Charles Schwab: On the MarketPosted: 3/7/2016 4:15 PM ET
Markets' Oil-Fueled Start Loses Momentum
Early gains for U.S. stocks that came courtesy of strength in energy issues on the continued rally in crude oil prices lessened late in the day with stocks finishing mixed, as a lowered growth target out of China and a lack of news on the economic and equity fronts to provide any catalyst may have tempered the early enthusiasm. Meanwhile, Treasuries and the U.S. dollar were lower, exhibiting little reaction to a smaller-than-expected consumer credit report, while gold was higher.
The Dow Jones Industrial Average (DJIA) advanced 67 points (0.4%) to 17,074 and the S&P 500 Index was 2 points (0.1%) higher at 2,002, while the Nasdaq Composite lost 9 points (0.2%) to 4,708. In heavy volume, 1.1 billion shares were traded on the NYSE and 2.1 billion shares changed hands on the Nasdaq. WTI crude oil jumped $1.98 to $37.90 per barrel and wholesale gasoline was $0.06 higher at $1.39 per gallon, while the Bloomberg gold spot price rose $9.06 to $1,268.01 per ounce. Elsewhere, the Dollar Index—a comparison of the U.S. dollar to six major world currencies—was 0.3% lower at 97.10.
Bloomberg reported that BASF SE (BASFY $70) is working with advisers and financing banks on the merits of making a counter bid for Dow member DuPont and Co. (DD $65), which agreed to a merger with Dow Chemical Co. (DOW $50) in December, per people familiar with the matter. The report noted that BASF hasn't made a decision yet about proceeding with an offer and no formal approach has been made. BASF and DuPont both declined to comment on the story. DD was higher.
Consumer credit less than expected, U.S. economic week relatively subdued this week
Consumer credit, released in the final hour of trading, showed consumer borrowing expanded by $10.5 billion during January, well short of the $16.5 billion forecast of economists polled by Bloomberg, while December's figure was adjusted upward to an increase of $21.4 billion from the originally reported $21.3 billion. Non-revolving debt, which includes student loans and loans for vehicles and mobile homes, rose $11.6 billion, while revolving debt, which includes credit cards, fell by $1.1 billion.
Treasuries were lower, as the yield on the 2-year note rose 5 basis points (bps) to 0.91%, the yield on the 10-year note added 3 bps to 1.91%, while the 30-year bond rate was flat at 2.70%.
This week, the U.S. economic docket will take a bit of a breather, with the key releases being wholesale inventories and weekly jobless claims, as well as tomorrow's NFIB Small Business Optimism Index, which is expected to tick higher to a reading of 94.0 for February from the 93.9 registered in January, However, the global markets will likely focus across the pond, with Thursday's highly-anticipated monetary policy meeting from the European Central Bank (ECB), which will be preceded by the eurozone's preliminary 4Q GDP report. As noted in the Schwab Market Perspective: Neutral Does Not Mean Boring, the ECB needs to avoid actions that may undermine the financial sector to help sustain the stock market rally. Investors may want to watch for several key developments that could help determine the direction for Europe’s stock market. A cut to the key rate on banks’ deposits at the ECB is priced into futures markets, but a bigger cut may be viewed negatively by investors since it may raise banks’ costs. An introduction of a tiered system to shield some of banks’ deposits from the cost of negative interest rates would likely be viewed as a positive by the stock market. Any expansion of the ECB’s quantitative easing (QE) asset purchase program from the current monthly pace of 60 billion euros may be welcomed by market participants. Read more at www.schwab.com/marketinsight, and follow us on Twitter: @schwabresearch.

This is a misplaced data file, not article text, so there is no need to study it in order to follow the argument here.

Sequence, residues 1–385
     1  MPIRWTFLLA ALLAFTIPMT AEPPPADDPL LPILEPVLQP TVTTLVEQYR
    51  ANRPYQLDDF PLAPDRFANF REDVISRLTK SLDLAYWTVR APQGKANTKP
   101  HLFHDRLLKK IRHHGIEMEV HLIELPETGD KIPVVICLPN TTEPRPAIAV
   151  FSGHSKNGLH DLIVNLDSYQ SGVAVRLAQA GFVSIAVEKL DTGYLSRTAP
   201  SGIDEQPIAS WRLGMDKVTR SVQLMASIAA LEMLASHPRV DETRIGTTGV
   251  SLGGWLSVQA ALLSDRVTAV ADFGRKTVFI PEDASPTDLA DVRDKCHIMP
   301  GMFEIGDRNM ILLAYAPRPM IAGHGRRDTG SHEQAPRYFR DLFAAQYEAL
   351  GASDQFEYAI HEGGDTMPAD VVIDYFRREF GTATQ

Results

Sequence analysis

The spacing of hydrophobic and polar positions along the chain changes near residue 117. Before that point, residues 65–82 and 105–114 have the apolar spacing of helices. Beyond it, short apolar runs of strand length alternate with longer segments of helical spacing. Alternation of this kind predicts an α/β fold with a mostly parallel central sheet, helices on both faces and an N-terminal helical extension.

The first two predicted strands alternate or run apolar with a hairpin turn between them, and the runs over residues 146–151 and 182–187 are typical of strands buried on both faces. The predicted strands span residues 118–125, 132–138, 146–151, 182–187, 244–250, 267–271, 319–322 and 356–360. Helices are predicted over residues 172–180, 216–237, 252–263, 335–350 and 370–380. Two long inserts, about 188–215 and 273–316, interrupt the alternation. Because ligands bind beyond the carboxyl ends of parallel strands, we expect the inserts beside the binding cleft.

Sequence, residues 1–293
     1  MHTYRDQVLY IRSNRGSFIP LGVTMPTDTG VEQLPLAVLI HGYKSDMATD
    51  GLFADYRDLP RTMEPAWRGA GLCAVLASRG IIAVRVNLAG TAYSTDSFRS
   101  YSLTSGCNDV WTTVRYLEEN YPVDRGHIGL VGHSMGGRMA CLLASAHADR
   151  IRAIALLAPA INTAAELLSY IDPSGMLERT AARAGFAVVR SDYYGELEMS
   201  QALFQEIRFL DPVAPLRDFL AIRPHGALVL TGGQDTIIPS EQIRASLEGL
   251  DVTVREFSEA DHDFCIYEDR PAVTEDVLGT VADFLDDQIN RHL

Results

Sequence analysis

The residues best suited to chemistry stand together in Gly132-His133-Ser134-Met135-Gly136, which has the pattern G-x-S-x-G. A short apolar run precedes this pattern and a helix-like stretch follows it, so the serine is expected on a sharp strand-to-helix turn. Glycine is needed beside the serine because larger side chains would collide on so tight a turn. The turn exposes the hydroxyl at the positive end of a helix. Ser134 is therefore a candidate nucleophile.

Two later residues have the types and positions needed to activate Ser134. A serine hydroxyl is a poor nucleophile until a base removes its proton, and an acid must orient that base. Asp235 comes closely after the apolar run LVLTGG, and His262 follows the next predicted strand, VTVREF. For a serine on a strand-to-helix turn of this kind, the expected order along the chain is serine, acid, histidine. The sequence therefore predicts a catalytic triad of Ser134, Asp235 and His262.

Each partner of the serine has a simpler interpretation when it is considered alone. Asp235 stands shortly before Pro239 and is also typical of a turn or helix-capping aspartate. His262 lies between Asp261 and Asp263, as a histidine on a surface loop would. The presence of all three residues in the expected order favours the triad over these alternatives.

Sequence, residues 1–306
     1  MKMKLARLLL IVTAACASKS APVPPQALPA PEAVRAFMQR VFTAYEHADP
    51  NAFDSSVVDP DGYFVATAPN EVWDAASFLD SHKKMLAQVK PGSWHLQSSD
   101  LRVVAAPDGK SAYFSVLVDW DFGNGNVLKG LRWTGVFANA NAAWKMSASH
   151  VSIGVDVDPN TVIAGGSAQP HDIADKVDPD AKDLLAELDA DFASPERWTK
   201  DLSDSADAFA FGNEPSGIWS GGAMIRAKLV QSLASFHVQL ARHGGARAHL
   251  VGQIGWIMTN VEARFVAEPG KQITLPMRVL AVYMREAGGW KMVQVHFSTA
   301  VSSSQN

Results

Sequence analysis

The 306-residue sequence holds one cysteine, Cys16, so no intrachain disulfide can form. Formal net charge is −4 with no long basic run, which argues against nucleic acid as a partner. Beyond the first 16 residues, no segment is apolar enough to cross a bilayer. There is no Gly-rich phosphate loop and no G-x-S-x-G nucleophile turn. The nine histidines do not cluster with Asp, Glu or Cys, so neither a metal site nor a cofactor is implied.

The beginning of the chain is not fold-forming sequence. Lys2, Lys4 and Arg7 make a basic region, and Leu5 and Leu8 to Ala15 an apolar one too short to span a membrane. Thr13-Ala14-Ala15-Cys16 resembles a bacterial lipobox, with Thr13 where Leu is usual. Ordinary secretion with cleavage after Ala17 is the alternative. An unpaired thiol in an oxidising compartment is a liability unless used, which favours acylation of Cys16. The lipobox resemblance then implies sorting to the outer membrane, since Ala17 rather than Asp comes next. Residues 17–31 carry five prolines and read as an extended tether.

European stocks see pressure ahead of ECB decision, Asia mixed
European equities traded mostly lower, retreating from their recent rally amid some caution ahead of Thursday's key monetary policy meeting from the ECB. Schwab's Chief Global Investment Strategist, Jeffrey Kleintop, CFA, offers a look at the global monetary policy front in his article, Central Banks to the Rescue?, at www.schwab.com/marketinsight, and follow Jeff on Twitter: @jeffreykleintop. Financials fell amid festering concerns about the Italian banking sector, while oil & gas issues showed some resiliency to help the markets pare losses as crude oil prices gained steam throughout the day, despite a lowered economic growth target out of China. Economic data in the region was mixed, with eurozone investor confidence surprisingly declining, while German factory orders dipped 0.1% in January, versus the expected 0.3% decrease. The euro traded lower versus the U.S. dollar before battling back after Europe's closing bell, while bond yields in the region were mixed.
Asian stocks finished mixed following Friday's U.S. labor report, which showed job growth was stronger than expected, though wages unexpectedly dipped in February. Also, traders digested China's National People's Congress meeting, where it lowered its 2016 growth target to 6.5-7.0%, from last year's around 7.0% target, while it said it will raise its money supply growth and will allow a record high deficit, per Bloomberg. For more on China, see Schwab's Director of International Research, Michelle Gibley's, CFA, article, 5 Reasons China Won't Crash the Global Economy in 2016, at www.schwab.com/oninternational, and follow Schwab on Twitter: @schwabresearch. Mainland Chinese stocks, as did those traded in Australia and South Korea, but securities listed in Hong Kong Hang and Japan declined, while markets in India were closed for a holiday.
Tomorrow's international economic docket will hold Japan's GDP, consumer confidence and trade balance, retail sales from the U.K., and industrial production from Germany.
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